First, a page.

Cairo, Egypt said negotiations over Ethiopia’s massive Grand Renaissance Dam ended without progress this week, the latest setback in years of strained efforts to resolve the dispute over the Nile’s waters.
The talks in Cairo between Egypt, Sudan and Ethiopia were the first in over a year after the African Union failed to broker an agreement. At stake is how quickly Ethiopia fills the dam’s giant reservoir on a Nile tributary and how it operates the dam thereafter.
Both Egypt and Sudan, which rely on the Nile for nearly all their freshwater supplies, have raised urgent concerns that Ethiopia’s $5 billion hydroelectric project will restrict their water access. But Ethiopia insists the undertaking is vital for its development and power needs.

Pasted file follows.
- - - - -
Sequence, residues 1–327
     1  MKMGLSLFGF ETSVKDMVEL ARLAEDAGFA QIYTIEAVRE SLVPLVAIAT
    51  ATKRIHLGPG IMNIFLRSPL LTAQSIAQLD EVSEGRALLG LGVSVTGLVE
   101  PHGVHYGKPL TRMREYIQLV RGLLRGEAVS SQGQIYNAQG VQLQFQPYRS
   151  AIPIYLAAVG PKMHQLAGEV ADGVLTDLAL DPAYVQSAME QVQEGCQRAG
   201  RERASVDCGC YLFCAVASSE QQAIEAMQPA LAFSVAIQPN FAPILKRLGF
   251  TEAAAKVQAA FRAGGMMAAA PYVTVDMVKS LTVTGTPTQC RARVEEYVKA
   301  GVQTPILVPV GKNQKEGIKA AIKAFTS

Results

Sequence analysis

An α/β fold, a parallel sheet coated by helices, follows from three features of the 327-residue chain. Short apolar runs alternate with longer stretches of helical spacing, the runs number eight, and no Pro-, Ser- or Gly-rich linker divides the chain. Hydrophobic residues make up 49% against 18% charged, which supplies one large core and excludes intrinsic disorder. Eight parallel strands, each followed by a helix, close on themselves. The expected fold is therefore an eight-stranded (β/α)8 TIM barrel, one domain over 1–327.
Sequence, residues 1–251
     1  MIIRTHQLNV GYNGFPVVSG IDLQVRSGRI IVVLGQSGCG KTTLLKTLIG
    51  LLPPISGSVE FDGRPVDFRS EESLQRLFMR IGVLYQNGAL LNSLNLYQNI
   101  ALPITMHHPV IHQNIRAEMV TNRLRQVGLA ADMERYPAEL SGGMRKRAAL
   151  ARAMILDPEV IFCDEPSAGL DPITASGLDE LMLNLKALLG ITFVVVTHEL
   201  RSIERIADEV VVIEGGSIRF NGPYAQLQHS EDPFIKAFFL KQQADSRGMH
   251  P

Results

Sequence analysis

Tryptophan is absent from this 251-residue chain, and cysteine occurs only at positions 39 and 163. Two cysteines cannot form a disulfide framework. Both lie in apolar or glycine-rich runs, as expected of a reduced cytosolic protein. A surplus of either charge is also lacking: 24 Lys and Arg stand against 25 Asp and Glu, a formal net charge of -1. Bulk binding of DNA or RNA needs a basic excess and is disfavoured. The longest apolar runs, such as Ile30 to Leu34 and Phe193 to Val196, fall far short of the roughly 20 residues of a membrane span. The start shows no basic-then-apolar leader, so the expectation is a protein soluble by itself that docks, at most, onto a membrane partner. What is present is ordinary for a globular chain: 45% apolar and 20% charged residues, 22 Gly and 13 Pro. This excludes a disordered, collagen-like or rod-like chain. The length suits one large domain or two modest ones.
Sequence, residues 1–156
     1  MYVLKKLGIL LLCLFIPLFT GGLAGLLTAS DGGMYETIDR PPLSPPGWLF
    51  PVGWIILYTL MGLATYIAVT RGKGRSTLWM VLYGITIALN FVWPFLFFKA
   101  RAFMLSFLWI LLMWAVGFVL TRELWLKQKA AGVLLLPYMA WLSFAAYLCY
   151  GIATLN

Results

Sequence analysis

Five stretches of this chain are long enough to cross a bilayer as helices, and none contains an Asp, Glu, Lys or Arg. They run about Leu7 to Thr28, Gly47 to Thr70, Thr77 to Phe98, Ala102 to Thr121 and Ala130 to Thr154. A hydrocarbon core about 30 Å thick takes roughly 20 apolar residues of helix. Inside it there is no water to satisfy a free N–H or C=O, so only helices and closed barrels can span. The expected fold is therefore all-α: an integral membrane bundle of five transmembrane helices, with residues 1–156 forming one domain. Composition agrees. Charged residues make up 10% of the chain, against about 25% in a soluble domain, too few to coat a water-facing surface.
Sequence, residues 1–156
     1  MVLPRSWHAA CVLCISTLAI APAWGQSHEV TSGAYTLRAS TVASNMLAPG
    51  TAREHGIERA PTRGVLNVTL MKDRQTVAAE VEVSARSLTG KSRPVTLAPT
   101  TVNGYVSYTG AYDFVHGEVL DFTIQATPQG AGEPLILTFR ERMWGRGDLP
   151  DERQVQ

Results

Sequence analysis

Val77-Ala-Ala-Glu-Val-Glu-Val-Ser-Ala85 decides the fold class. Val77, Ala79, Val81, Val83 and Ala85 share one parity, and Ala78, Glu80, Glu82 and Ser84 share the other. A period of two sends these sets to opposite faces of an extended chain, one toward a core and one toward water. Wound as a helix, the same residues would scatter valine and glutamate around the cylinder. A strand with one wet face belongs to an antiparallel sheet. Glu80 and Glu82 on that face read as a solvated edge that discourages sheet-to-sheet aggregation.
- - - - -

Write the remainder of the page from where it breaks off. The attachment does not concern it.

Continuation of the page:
The three countries have quarrelled over the issue for a decade, with negotiations achieving little compromise. Experts fear that without reconciliation, tensions could heighten, threatening regional stability.
“There are no easy solutions here,” said Cairo University agriculture professor Hiba Ashraf. “But cordial discussions must continue. The Nile’s future impacts us all.”
Resolving the dispute will require flexibility and goodwill from all sides. The river’s bounty has nourished its peoples since ancient times. With wisdom and foresight, a mutually beneficial pact for its sharing remains possible.